Pork Producers Have an Image Problem

Whenever a big city newspaper publishes a front page story on agriculture, it is seldom a good thing.  This is especially true in Indiana where papers in Ft. Wayne, Muncie, Richmond, and Indianapolis have a long track record of bias against agriculture. So when the Indianapolis Star ran a front page story on the pork industry, you did not have to look any further than the headline to see the bias, “Indiana faces dilemma regulating huge, industrial CAFO animal farms.” The words “huge” and “industrial” immediately position the pork industry as something bad and something to be feared and regulated. And that is just what the rest of the article did. Reporters   Ryan Sabalow and Alex Campbell used, as their primary source material, one of the state’s most radical and outspoken critics of livestock agriculture: the Hoosier Environmental Council. This group has actively lobbied for increased regulation of livestock agriculture, the need for which was the whole point of the article.  What this journalistic hatchet job also revealed is how badly the pork industry needs not more regulations, but more public relations.


A theme throughout the Star story is that big is bad. This is a concept not confined to agriculture alone — big corporations, big cars, big oil spills are all considered bad. About the only thing big that is not considered bad by liberal newspapers is government.  The Star stated that “big animal feeding operations can generate more raw feces than many Indiana towns.” While this is theoretically possible, in reality it is not true for most operations. The reporters repeatedly used the word “can” with the implication that it does occur, something not supported by the facts. For example, “CAFOs can produce a slew of pollutants, such as nitrogen, phosphorus, organic matter, sediments, pathogens, heavy metals, hormones, ammonia and methane. Mishandled manure also can pollute well water.” I can win hundreds of millions of dollars from the Hoosier lottery; but, since I have never and do not plan to buy a lottery ticket, it is not likely I ever will.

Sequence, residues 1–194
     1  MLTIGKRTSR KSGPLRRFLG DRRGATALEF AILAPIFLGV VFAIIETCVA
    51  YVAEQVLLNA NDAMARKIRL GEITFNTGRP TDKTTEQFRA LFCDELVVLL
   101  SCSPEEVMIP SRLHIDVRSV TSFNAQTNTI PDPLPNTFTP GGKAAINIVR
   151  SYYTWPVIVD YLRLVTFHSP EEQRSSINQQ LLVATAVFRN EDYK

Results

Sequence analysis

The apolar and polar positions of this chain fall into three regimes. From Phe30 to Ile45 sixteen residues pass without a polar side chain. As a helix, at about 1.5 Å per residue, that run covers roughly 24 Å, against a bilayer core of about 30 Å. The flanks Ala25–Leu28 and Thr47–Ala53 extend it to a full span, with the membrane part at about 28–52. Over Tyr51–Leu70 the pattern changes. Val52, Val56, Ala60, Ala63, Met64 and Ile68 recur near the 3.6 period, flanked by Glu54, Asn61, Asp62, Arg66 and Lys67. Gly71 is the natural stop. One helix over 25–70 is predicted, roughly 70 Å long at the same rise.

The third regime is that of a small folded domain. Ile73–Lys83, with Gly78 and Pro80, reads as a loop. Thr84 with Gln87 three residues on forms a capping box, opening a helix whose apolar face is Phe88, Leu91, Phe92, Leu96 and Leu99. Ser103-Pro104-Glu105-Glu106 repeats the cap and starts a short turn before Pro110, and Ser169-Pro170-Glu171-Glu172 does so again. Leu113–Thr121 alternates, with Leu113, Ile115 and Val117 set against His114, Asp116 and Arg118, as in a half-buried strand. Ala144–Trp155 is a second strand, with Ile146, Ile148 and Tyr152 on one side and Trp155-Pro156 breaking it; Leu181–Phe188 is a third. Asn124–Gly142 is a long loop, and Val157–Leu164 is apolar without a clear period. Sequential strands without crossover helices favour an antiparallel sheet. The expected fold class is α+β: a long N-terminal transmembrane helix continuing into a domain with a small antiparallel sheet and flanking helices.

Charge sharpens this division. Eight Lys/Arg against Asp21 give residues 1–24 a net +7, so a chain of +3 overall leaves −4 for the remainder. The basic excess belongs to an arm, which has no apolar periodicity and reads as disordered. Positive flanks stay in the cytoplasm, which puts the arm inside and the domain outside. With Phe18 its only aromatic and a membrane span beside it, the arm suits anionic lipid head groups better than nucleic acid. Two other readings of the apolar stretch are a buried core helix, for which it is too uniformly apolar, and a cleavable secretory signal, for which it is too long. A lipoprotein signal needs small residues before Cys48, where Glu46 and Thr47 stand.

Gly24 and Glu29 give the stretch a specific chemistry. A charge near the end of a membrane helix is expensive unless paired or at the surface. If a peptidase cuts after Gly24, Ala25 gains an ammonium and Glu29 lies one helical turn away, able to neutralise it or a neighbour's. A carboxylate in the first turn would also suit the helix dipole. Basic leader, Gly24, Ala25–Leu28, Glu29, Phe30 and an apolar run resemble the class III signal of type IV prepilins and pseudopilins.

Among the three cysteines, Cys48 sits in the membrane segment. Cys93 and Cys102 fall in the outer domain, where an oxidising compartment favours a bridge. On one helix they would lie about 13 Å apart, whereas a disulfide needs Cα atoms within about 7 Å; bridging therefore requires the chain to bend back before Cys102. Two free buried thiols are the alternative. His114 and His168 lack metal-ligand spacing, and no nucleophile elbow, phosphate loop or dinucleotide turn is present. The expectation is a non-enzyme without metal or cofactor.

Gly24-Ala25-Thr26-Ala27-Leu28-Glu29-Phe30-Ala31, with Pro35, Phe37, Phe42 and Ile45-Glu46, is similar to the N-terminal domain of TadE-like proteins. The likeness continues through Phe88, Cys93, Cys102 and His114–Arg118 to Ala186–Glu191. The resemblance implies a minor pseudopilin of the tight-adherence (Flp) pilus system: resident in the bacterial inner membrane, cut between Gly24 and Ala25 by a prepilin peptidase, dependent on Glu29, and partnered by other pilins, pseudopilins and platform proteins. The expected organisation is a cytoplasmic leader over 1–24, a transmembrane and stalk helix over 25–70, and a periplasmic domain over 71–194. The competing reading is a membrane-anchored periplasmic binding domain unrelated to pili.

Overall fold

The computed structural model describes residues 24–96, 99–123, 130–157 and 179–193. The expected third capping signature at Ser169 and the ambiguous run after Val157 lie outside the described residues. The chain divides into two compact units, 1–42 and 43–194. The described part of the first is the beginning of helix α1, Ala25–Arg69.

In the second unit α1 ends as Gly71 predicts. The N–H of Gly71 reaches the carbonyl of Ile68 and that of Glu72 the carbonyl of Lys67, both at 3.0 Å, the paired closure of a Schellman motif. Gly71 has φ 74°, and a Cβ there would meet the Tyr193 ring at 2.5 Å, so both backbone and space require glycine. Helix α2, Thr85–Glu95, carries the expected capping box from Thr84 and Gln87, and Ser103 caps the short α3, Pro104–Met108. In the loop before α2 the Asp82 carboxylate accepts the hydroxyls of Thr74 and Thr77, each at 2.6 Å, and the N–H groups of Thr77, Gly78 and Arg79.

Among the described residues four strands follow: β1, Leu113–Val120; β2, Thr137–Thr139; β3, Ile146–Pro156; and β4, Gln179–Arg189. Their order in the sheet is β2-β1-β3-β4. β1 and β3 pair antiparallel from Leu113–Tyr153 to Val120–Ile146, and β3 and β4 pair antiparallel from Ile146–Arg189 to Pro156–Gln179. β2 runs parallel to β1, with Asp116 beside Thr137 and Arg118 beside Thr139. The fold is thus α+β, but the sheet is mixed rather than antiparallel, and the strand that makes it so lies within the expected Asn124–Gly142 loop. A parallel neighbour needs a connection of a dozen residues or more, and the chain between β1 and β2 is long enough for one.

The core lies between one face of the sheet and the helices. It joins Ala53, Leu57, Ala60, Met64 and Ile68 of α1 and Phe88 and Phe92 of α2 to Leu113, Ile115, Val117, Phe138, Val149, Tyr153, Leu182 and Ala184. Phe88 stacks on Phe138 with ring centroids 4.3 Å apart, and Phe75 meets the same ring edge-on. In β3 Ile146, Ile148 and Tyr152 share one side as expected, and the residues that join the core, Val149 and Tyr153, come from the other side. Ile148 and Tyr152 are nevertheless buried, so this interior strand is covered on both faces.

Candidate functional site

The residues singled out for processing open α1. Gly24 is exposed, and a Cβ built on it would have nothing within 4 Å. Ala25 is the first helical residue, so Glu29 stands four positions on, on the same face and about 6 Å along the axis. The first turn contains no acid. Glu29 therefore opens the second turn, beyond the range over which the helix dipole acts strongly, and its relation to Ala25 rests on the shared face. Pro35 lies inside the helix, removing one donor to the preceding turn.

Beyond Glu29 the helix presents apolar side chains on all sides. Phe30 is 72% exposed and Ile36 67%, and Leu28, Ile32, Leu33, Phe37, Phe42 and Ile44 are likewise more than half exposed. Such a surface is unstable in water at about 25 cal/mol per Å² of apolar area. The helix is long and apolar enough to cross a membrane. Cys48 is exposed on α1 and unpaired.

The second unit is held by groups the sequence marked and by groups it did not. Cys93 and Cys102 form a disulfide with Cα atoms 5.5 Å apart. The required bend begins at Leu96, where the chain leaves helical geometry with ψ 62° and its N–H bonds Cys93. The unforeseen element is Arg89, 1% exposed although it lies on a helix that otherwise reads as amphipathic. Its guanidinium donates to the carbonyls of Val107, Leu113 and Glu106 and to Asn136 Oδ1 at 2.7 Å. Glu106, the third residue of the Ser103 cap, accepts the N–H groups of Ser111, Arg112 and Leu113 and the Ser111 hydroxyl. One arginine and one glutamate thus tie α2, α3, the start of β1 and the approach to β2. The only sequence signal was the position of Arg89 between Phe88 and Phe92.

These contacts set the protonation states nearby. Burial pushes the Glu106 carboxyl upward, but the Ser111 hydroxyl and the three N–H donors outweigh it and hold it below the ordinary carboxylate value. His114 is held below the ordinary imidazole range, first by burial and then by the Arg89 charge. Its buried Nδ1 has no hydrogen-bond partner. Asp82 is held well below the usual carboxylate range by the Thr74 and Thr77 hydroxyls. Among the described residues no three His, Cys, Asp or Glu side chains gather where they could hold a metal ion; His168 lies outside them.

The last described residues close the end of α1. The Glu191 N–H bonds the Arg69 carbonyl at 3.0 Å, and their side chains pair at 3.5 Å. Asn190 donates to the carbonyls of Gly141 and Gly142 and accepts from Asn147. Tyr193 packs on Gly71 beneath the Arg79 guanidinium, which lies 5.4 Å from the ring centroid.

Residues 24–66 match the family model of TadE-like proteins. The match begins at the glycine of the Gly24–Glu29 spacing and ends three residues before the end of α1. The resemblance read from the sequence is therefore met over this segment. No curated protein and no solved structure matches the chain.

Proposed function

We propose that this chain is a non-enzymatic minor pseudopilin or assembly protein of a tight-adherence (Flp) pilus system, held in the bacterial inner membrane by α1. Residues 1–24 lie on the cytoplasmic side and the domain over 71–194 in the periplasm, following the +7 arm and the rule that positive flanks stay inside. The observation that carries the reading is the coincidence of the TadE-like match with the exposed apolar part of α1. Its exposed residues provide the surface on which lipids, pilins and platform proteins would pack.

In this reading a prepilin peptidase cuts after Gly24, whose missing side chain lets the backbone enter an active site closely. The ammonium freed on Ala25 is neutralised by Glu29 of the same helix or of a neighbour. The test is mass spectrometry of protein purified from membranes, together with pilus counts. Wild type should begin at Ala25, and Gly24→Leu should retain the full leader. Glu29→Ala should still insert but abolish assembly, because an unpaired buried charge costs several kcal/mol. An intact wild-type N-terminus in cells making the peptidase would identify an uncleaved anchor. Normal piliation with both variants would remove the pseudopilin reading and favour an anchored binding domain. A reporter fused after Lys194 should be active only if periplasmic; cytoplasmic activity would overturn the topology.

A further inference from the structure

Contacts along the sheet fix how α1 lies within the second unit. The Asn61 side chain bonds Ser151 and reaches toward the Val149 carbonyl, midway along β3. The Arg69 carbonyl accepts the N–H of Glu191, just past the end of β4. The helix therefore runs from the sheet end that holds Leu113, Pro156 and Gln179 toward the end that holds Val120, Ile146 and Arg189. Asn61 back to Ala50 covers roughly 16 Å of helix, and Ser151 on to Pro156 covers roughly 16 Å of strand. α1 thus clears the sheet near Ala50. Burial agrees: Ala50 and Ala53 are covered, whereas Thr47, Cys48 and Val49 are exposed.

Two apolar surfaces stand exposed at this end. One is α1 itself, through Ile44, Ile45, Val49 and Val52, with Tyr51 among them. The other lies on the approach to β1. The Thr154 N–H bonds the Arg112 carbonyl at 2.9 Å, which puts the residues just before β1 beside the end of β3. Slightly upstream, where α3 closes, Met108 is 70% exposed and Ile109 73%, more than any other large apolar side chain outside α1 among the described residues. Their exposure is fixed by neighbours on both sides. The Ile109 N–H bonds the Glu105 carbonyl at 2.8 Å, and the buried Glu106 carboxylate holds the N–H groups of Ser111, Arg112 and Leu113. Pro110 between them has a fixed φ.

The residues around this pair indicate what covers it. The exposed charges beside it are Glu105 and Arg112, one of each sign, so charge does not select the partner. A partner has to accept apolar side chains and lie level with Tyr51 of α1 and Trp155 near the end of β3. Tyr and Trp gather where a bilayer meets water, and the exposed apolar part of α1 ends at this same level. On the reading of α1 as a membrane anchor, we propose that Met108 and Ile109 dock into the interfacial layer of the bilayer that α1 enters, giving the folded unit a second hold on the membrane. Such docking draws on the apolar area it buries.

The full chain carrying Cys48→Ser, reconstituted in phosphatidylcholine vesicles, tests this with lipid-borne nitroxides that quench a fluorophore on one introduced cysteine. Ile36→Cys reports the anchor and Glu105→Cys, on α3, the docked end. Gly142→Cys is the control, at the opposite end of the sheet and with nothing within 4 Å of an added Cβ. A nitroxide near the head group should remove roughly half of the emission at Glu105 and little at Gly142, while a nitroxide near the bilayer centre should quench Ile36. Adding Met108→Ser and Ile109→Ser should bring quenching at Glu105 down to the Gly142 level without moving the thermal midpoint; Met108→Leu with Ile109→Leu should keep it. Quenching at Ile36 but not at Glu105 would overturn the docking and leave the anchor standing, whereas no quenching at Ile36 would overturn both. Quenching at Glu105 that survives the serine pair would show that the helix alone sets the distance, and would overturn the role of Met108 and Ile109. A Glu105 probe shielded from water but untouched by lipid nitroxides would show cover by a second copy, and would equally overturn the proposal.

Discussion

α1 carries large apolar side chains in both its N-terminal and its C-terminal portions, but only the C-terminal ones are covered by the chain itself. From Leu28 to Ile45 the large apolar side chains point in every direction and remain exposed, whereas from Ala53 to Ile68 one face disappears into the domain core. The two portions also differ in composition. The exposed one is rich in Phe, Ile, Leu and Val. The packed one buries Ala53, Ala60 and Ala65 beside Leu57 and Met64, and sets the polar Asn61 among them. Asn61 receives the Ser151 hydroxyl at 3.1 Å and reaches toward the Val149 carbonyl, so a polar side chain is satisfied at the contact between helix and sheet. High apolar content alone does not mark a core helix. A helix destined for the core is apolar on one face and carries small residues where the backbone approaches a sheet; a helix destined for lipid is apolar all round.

In the rich journalistic style of Gannett publishing, owner of the Star, the story used unattributed hearsay as fact. When discussing the increase in the number of large hog farms in the state, the Star said, “Some say the increase comes thanks to a Statehouse push to deregulate the industry and prevent those living nearby from fighting expansion.” It turns out there were a lot of things the Star reporters left out.


Todd Janzen, an attorney with considerable experience with environmental law and livestock operations, pointed out that there has been no “deregulation” of the livestock industry,  “The IndyStar article suggests there has been a ‘statehouse push to deregulate the industry.’  I’m not sure what this is referring to, nor does the IndyStar attribute it to any source or legislator.  In fact, regulations affecting livestock farms in Indiana — not just CAFOs but smaller farms as well — have increased in the past ten years.”  He went on to point out that large CAFOs are subject to the most strict environmental regulations of any farms.  “Contrary to the IndyStar, Indiana is not ‘struggling’ to regulate Indiana’s largest livestock farms.  Regulation of these farms is not even new, but has existed for decades, and in recent years has become even more stringent,” Janzen stated in his blog.


Who is struggling are pork producers. Not only are they struggling financially, but struggling with the public image of being big, uncaring, polluters. The pork checkoff has spent millions of dollars improving the image of pork but comparatively few dollars improving the public image of pork production. The pork industry has been effective at educating legislators about modern agriculture, and that is why Indiana has some of the most effective and reasonable regulations in the nation.


But more needs to be done to change the perception most people have about pork operations. The fact that livestock farms do not routinely pollute and that they are owned and operated by families who live on their own farms are messages that the public needs to hear.

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